Student Perspectives: Rongzhen Chen (GU)

How should students be involved as co-creators in Higher Education?

Students, and others involved in the process, should be able to contribute to it and propose new ideas: both at the initial stage when the core principles are being developed, and later on at the stage when practices are evaluated. That stage of reflection and evaluation is really important as a follow-up to implementation: there will always be something wrong in the process, and there should always be space for reflection, for asking ‘is it working?’

I really enjoy reflection, and I think students should be part of a structured process (as Amina was saying) for reflecting on policies and thinking about how they need to be evaluated and revised. Policies and regulations are hard to change, especially on a regular basis, but they are made for students, so students should be involved in evaluating them. 

One idea to help people to communicate more easily and anonymously is to use digital tools to blur people’s faces, or represent them with an avatar, so you can still talk to staff and they can talk back to you, but they don’t know who you are. You could redact your identity and feel safe, and if you want to close the case you can just close it. It might increase the workload for those responsible, but it would be a good starting point for handling these things in a practical way. I think it would be good if we had the resources to do it – from an IT perspective it’s not that hard.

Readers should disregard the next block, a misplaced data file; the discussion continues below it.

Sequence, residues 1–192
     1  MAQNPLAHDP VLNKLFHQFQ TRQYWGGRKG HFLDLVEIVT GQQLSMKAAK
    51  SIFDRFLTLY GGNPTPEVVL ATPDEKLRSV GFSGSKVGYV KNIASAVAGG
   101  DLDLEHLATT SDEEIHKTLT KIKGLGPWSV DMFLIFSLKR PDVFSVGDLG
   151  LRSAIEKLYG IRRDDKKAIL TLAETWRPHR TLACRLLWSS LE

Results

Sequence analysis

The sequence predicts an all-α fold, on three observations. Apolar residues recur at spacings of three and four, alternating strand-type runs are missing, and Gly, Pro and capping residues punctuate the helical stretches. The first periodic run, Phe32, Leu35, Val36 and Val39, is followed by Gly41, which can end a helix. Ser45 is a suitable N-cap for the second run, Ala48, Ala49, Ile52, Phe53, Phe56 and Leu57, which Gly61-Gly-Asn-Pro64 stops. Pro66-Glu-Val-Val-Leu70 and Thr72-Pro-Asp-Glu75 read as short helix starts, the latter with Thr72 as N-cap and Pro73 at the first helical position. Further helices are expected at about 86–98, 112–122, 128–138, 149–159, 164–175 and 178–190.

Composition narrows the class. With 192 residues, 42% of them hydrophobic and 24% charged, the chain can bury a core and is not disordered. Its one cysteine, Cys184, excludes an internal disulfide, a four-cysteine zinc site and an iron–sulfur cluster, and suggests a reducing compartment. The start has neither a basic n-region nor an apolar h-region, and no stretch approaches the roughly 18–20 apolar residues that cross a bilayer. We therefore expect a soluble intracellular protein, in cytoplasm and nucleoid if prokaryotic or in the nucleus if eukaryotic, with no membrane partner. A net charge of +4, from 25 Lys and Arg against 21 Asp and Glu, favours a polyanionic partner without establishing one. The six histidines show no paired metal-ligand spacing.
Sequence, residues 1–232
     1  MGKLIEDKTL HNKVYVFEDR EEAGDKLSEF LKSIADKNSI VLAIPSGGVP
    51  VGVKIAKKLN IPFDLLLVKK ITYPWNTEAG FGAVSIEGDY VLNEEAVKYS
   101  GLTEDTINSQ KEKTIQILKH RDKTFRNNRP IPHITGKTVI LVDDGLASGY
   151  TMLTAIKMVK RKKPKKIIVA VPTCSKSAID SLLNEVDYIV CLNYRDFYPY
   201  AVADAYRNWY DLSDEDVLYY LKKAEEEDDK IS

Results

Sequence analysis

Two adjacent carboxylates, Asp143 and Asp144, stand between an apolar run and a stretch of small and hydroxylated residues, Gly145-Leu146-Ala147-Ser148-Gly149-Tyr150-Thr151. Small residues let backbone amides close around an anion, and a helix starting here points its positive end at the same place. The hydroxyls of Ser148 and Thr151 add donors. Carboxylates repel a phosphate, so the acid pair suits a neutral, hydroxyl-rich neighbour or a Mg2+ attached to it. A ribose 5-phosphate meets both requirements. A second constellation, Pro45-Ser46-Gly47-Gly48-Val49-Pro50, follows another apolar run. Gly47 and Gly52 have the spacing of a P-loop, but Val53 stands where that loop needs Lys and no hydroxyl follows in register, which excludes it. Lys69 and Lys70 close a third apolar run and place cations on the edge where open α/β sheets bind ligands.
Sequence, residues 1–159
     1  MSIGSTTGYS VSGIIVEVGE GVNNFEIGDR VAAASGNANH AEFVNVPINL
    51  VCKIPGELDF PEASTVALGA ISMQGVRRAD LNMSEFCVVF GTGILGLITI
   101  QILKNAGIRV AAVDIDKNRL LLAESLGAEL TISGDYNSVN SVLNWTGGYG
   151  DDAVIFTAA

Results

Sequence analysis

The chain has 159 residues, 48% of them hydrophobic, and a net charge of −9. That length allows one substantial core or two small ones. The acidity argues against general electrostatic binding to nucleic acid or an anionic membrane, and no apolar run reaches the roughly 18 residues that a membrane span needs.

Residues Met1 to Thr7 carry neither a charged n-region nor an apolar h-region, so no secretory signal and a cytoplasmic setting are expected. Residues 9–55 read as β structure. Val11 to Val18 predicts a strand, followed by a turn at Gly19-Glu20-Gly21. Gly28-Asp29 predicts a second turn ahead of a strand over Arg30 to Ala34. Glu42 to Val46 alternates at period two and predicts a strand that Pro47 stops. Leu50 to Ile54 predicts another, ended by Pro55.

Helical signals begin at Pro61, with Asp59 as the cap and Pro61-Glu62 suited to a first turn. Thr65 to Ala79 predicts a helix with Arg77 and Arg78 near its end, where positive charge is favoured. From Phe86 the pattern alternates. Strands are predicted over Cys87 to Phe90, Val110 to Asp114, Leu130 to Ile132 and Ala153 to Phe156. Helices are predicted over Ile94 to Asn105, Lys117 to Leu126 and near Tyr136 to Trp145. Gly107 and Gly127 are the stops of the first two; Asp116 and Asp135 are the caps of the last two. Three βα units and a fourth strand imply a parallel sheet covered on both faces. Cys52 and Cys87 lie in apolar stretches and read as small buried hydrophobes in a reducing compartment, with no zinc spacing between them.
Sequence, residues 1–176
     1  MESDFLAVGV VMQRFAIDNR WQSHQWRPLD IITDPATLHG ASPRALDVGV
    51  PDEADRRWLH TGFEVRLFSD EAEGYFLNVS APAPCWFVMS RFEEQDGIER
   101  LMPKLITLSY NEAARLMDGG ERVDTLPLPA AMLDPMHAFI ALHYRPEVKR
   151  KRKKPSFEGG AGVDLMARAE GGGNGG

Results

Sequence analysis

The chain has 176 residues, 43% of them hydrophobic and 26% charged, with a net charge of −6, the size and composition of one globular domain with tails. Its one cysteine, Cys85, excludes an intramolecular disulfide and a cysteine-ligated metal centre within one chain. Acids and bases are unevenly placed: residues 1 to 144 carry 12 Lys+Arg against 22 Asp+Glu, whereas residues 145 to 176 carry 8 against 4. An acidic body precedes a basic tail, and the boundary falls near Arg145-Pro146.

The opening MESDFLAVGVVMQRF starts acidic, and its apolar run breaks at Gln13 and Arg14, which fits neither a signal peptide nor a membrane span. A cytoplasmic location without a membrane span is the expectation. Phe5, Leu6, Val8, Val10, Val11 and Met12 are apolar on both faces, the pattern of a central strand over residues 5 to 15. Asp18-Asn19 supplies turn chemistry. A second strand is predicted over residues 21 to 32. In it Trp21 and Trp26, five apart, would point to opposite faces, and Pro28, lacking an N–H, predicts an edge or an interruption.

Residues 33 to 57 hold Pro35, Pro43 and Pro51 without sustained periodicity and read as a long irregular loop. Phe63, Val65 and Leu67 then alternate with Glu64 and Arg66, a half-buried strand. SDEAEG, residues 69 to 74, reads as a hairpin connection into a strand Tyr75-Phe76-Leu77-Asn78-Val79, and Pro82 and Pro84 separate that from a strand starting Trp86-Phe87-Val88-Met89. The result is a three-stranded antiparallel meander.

Are there any inclusive practices at your university that you would like to highlight?

In my faculty, probably because it’s an international programme, and all the teachers are from international backgrounds, they really push students to fill in the evaluation form. You can say anything anonymously, and you’re not even allowed to leave private information. Later, the student representative will be called for a meeting at the end of the course, by the programme manager. The student represents the other students based on the comments in the evaluation form: there are statistics from the forms about how people felt about the course, but the student rep also comments on issues not reflected in the forms, like teachers who can’t be heard from the back of the room, or a screen that doesn’t work so the teacher is just talking and students don’t understand the lecture.

So we have an effective teaching forum, but it does create an extra workload for students: it’s good for gaining knowledge, but bad from the workload side. Also, this process covers academic issues, but there is a lack of attention to anything that isn’t related to studies. So we should use this same process but include other perspectives.

At another Swedish university, if students are facing discrimination, the rule is you don’t talk to the teaching staff about it, you go to the student office and talk to the administrators there. They are trained to handle this procedure anonymously so you will not share private information with anyone. Instead of trying to teach everyone, each faculty has this stable group you can reach out to. Those people, the administrators, are relatively isolated from teaching staff. They can help us, and they are based everywhere in the university rather than in an independent department.